This program returns 0 on success, or 1 if there was an error.
"VIRT_TOOLS_DATA_DIR" This can point to the directory containing data files used for Windows firstboot installation. Normally you do not need to set this. If not set, a compiled-in default will be used (something like /usr/share/virt-tools). This directory may contain the following files: rhsrvany.exe This is the RHSrvAny Windows binary, used to install a "firstboot" script in Windows guests. It is required if you intend to use the --firstboot or --firstboot-command options with Windows guests. See also: "https://github.com/rwmjones/rhsrvany" pvvxsvc.exe This is a Windows binary shipped with SUSE VMDP, used to install a "firstboot" script in Windows guests. It is required if you intend to use the --firstboot or --firstboot-command options with Windows guests. For other environment variables, see "ENVIRONMENT VARIABLES" in guestfs(3).
guestfs(3), guestfish(1), virt-builder(1), virt-clone(1), virt-rescue(1), virt-resize(1), virt-sparsify(1), virt-sysprep(1), virsh(1), lvcreate(8), qemu-img(1), scrub(1), http://libguestfs.org/, http://libvirt.org/.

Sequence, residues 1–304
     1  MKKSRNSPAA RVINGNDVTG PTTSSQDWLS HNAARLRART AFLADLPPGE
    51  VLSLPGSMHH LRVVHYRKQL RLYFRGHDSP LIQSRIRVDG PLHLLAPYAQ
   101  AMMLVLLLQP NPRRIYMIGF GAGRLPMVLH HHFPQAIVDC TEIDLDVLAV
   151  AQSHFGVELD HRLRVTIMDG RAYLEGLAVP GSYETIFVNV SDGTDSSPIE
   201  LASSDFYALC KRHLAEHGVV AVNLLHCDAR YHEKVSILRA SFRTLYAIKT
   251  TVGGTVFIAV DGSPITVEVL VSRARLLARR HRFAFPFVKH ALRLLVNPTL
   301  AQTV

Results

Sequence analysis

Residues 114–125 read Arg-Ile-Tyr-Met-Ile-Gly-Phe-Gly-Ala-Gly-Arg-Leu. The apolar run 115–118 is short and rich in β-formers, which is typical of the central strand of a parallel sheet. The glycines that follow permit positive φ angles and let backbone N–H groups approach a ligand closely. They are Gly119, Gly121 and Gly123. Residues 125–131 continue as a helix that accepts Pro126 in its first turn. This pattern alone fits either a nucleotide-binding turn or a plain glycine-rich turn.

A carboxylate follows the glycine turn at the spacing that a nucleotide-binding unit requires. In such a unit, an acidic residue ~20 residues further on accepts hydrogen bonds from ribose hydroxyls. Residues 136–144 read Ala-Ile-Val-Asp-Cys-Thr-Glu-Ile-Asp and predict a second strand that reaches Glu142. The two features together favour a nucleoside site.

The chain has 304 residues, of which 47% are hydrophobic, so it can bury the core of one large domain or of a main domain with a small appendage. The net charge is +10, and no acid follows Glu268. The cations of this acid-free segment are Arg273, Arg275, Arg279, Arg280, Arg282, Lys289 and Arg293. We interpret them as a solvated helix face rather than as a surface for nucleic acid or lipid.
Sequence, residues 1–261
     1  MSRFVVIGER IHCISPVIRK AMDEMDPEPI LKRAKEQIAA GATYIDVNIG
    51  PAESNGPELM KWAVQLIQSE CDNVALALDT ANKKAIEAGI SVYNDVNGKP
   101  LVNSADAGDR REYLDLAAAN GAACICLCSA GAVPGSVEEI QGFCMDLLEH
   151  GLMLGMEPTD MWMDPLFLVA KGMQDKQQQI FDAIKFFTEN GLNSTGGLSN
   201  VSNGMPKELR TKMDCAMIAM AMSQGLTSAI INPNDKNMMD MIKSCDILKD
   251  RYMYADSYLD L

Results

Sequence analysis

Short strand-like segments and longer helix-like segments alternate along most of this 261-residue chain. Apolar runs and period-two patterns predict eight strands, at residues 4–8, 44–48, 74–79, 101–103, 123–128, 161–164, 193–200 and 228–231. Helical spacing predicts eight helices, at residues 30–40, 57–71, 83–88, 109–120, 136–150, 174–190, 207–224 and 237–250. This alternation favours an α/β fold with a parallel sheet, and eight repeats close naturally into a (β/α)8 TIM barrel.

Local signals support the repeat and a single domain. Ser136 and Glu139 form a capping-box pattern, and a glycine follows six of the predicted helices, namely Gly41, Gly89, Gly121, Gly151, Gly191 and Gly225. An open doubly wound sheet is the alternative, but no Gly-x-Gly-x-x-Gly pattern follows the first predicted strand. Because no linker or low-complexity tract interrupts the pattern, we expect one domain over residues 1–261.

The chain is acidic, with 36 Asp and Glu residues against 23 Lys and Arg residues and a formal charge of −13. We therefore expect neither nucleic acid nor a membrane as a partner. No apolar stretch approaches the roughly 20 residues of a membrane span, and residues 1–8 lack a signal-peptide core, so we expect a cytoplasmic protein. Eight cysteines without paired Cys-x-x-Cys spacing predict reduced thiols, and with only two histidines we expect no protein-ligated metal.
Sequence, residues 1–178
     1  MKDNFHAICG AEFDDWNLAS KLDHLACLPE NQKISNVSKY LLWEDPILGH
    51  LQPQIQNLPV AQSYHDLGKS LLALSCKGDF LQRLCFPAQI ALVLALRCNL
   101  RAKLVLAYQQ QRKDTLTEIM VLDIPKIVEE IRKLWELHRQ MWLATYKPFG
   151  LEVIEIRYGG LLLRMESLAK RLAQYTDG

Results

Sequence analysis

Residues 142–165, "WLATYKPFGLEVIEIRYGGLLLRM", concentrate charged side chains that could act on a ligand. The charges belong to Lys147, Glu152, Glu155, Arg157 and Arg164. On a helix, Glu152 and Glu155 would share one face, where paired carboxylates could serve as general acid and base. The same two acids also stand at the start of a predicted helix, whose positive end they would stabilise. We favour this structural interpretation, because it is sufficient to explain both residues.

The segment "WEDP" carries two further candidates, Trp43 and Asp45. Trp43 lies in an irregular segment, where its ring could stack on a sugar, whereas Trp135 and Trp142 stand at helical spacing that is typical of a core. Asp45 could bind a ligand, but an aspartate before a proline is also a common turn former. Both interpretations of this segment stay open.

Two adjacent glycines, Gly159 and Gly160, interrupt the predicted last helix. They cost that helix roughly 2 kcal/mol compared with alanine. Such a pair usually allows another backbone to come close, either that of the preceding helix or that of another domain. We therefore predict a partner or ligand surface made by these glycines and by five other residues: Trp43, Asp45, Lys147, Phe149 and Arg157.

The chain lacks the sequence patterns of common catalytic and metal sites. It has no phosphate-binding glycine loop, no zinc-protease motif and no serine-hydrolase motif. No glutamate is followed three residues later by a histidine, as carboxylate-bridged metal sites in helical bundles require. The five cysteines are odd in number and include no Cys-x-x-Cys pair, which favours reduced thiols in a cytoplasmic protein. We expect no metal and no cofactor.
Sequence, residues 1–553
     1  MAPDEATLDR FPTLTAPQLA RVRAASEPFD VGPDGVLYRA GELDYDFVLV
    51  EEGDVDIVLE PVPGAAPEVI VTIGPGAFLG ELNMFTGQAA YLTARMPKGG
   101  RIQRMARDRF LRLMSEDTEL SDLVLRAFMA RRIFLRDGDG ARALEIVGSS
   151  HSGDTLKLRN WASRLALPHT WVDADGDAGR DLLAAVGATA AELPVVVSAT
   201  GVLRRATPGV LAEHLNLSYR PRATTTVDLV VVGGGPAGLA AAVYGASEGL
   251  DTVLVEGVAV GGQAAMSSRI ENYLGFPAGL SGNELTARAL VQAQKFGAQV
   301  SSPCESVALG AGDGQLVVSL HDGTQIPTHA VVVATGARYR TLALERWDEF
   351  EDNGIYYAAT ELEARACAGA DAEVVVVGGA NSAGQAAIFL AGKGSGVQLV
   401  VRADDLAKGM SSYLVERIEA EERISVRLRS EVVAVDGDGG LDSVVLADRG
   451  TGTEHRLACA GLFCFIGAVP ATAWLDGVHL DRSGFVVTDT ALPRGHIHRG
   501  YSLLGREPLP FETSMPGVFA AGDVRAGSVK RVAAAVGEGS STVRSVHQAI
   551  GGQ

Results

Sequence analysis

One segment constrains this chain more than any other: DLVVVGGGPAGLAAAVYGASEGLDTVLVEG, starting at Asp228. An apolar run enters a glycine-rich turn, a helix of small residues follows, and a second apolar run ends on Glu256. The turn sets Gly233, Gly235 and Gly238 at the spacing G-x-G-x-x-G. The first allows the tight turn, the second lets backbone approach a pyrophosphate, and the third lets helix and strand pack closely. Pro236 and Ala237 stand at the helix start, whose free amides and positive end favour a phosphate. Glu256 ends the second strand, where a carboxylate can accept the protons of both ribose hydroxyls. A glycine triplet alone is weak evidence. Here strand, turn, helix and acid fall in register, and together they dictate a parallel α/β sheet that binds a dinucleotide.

Richard W.M. Jones http://people.redhat.com/~rjones/
Copyright (C) 2011-2017 Red Hat Inc.
This program is free software; you can redistribute it and/or modify it under the terms of the GNU General Public License as published by the Free Software Foundation; either version 2 of the License, or (at your option) any later version. This program is distributed in the hope that it will be useful, but WITHOUT ANY WARRANTY; without even the implied warranty of MERCHANTABILITY or FITNESS FOR A PARTICULAR PURPOSE. See the GNU General Public License for more details. You should have received a copy of the GNU General Public License along with this program; if not, write to the Free Software Foundation, Inc., 51 Franklin Street, Fifth Floor, Boston, MA 02110-1301 USA.
To get a list of bugs against libguestfs, use this link: https://bugzilla.redhat.com/buglist.cgi?component=libguestfs&product=Virtualization+Tools To report a new bug against libguestfs, use this link: https://bugzilla.redhat.com/enter_bug.cgi?component=libguestfs&product=Virtualization+Tools When reporting a bug, please supply: • The version of libguestfs. • Where you got libguestfs (eg. which Linux distro, compiled from source, etc) • Describe the bug accurately and give a way to reproduce it. • Run libguestfs-test-tool(1) and paste the complete, unedited output into the bug report.